Enemy of God by Bernard Cornwell
This is the second novel in an Arthurian trilogy, following ‘The winter king’, which I read last summer.
When I picked up the book and read the first five or six pages, I felt burdened with trying to remember the events and characters of the previous novel. It was a mental effort, but the effort was rewarded as I persevered. The author quickly developed a new energy in the story, with an early climax, as the narrator, Derfel, claims the hand of the beautiful Ceinwyn, on the very night of her betrothal ceremony to Lancelot. A second story of Merlin’s search for a cauldron carries into the core of the book, and I was hooked again.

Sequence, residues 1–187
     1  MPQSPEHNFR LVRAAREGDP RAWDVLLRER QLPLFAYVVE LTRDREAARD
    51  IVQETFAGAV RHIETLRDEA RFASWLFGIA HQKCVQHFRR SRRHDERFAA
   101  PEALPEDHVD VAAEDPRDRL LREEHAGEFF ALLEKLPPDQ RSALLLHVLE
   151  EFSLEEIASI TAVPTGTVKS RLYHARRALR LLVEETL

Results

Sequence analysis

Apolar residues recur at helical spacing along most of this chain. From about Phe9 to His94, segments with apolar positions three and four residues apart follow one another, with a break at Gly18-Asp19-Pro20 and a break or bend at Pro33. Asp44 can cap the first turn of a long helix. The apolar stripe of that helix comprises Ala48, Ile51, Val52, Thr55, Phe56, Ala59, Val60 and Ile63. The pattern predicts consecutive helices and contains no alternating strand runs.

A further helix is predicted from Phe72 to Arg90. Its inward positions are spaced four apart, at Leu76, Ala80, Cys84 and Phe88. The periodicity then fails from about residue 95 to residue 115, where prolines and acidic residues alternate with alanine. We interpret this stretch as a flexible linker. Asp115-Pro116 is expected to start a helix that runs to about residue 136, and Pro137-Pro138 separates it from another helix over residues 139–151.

The reinterpretation of the Arthurian legends is bold and original. Cornwell develops a complex, believable world, which I judge to be a major achievement. That world is replete with good characterisation, lovely descriptions of nature, shocking violence, convoluted events and conflicting loyalties and political compromises that make it very realistic.
The ‘enemy of God’ in the title is Arthur himself. The growing Christian faction in the country calls him an enemy of God because he has pagan beliefs, or at least refuses to persecute the pagans. The book has a fascinating anti-Christian tone that possibly reflects the views of the author himself. Certainly it gives a very fresh re-interpretation of history and the Arthurian legends, which traditionally paint Arthur as Christian.